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The growing popularity of postcards at the turn of the 20th century continued to influence the way military themed cards were produced. Publishers naturally sought out the widest audience possible to maximize profits, and this meant tapping into those who only had an interest in the military rather than being a member of it. Postcard collecting was also initially seen as a woman’s hobby following the tradition of assembling paper scraps into books. To entice men to collect, a number of published began introducing more varied subject matter, which included manly military themes. As the audience for these cards became more ambiguous, the artwork on them became larger and bolder. Fine illustrations became the selling point for many of these cards as on the card above from a set published by Henri Schlumpf depicting men called up for maneuvers.

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This early French postcard depicts troops out in the field. Are they soldiers on maneuver or does this scene capture a vignette from the Franco-Prussian War? We are left to guess. It is the generic nature of this card that made it appeal to soldiers and collectors alike. Its duel nature also marks a new reality ushered in by the growing demand for picture postcards in which the majority of cards with military themes are no longer being exclusively produced for a military audience. They have become just one of many collectable subjects sought after by the public.

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The growing postcard craze created a great demand for imagery, and many fine artists began to see this as a new revenue stream. History painters like Eugene Chaperon began contributing illustrations for prints and postcards at this time. This trend improved the quality of artwork as on this French Postcard, and in turn it increased the demand for military cards by collectors. When depicting subjects like military reviews, the audience for the review and the card might be one in the same.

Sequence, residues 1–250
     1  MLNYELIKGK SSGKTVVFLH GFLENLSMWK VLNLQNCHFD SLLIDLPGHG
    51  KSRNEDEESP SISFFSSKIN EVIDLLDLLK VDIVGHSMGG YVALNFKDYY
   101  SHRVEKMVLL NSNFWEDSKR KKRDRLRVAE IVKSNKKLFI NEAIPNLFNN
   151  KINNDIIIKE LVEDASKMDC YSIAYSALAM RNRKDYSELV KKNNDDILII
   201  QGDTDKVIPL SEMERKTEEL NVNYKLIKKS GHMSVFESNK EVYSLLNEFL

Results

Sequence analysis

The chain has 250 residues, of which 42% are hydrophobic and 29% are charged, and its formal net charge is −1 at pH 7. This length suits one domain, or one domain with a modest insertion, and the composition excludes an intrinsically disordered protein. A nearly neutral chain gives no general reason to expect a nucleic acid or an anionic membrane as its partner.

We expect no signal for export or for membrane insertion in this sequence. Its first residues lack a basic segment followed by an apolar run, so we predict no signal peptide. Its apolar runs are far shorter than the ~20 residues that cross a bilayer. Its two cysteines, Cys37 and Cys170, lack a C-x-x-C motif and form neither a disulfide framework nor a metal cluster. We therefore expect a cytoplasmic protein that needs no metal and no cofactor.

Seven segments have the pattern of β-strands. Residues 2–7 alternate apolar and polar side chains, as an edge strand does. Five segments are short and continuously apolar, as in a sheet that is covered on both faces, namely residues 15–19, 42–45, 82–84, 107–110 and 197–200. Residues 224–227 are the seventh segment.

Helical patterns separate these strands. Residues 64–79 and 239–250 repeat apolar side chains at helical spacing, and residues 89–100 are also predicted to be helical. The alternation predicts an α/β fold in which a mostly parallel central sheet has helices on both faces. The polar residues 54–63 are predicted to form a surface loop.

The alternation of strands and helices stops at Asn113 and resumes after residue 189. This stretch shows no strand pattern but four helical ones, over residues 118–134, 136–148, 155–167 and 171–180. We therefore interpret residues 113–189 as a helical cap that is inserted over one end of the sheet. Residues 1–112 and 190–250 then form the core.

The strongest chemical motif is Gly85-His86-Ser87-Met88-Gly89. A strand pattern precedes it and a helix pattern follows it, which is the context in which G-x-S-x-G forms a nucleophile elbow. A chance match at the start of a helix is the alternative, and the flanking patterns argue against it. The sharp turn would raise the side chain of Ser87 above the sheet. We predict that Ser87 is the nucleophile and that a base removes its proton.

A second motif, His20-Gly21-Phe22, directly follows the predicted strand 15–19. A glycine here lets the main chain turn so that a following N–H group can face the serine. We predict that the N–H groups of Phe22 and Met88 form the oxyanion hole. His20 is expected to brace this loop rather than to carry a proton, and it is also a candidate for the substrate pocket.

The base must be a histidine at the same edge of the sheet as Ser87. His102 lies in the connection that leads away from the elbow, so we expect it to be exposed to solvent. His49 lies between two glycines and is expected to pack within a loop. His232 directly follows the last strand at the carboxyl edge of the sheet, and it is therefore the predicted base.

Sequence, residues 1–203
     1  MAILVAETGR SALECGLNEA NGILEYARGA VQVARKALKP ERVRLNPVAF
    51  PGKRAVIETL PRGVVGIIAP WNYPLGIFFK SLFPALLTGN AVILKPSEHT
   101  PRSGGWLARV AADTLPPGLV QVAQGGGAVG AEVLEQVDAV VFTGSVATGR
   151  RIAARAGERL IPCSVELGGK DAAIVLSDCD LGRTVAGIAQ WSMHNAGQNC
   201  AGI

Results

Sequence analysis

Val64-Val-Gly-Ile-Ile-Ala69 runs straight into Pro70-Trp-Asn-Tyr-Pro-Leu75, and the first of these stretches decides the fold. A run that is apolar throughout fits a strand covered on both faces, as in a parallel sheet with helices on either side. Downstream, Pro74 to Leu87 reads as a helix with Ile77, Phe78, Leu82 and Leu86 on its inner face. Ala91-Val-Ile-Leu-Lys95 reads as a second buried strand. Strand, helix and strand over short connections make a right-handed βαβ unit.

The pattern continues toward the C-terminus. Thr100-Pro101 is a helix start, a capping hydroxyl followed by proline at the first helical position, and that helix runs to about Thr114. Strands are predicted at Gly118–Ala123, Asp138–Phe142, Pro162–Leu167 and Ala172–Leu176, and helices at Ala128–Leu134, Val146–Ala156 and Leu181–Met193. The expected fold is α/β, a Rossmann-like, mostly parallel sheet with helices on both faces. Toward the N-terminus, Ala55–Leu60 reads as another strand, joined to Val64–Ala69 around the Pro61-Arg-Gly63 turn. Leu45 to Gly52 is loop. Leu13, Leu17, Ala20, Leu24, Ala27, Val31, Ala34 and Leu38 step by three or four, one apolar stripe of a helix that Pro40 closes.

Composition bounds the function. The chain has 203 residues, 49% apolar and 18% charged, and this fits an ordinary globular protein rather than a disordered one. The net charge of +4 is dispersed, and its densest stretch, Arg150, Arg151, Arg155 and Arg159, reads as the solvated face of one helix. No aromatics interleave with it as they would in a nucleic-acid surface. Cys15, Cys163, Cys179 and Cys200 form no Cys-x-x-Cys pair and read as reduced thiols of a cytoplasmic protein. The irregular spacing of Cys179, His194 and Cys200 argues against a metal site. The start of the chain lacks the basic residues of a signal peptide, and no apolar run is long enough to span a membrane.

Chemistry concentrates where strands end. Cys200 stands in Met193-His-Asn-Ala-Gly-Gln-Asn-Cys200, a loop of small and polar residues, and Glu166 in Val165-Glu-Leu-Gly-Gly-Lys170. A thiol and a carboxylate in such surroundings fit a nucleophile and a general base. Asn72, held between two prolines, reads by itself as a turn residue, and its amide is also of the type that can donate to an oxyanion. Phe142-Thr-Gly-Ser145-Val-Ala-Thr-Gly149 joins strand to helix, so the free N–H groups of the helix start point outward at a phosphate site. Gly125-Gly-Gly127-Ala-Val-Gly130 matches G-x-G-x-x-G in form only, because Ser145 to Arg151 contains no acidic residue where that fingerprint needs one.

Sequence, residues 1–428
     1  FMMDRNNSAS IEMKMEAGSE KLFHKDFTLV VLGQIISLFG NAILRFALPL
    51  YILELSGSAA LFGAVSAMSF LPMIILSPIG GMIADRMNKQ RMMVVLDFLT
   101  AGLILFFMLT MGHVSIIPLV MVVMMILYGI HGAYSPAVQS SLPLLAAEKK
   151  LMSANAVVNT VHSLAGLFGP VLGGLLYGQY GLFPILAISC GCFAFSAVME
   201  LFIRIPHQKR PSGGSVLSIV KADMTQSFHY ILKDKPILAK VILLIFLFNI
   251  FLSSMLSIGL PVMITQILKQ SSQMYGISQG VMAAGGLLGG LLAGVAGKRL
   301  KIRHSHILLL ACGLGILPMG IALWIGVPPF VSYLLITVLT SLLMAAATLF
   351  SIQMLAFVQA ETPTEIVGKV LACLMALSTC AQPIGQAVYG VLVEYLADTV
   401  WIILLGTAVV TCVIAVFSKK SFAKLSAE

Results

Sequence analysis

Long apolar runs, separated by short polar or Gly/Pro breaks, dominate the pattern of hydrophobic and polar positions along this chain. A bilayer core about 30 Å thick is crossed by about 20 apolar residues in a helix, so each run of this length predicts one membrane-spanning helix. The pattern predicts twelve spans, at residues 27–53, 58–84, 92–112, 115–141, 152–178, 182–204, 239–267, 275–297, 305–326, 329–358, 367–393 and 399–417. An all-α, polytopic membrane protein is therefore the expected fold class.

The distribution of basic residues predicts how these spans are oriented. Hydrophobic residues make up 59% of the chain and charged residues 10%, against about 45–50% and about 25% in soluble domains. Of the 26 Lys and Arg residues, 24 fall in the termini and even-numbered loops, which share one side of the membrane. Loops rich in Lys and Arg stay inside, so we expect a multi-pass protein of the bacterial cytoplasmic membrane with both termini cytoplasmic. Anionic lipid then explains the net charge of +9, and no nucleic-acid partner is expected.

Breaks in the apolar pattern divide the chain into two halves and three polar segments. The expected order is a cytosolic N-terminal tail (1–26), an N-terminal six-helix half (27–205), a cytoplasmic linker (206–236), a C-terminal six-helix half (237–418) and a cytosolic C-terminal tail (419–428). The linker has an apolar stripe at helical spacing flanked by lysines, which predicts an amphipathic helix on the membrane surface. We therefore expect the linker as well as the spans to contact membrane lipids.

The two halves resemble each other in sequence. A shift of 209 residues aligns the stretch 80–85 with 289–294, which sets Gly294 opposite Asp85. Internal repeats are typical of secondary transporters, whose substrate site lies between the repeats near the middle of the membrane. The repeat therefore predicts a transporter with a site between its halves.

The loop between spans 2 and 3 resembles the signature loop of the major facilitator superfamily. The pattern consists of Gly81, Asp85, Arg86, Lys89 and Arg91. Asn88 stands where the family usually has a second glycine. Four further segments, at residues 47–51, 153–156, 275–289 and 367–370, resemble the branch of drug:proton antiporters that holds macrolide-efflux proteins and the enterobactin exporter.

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Illustrations by some artists became so popular that they were able to find an audience for multiple card sets. A good example is Anton Hoffmann whose energetic depictions of German troops out on maneuvers were widely reproduced on postcards. He served in the Bavarian army before studying art and his work shows this first-hand knowledge. He would go on to become an important war artist during the First World War, and his drawings appear on many fieldpost cards.

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Carl Ludwig Friedrich Becker was a German academic painter who made a number of fine illustrations for postcards depicting field maneuvers. By this time, only a single image usually took up an entire side of the card, making them difficult to discern from military cards of battle scenes that would come to be produced during the First World War. One clue is that soldiers and especially officers on maneuver took little cover, which shows they are not under enemy fire.

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Becker also used line and wash in 1903 to illustrate a large series of vignettes depicting troops out on maneuvers. While these are more in line with the simple fieldpost cards made for soldiers in the 19th century, these too were probably marketed to the general collector. A good indication can be found in the large numbers that remain in mint condition. These types of cards would evolve into historical uniform cards that depicted various types of solders from different nations and periods.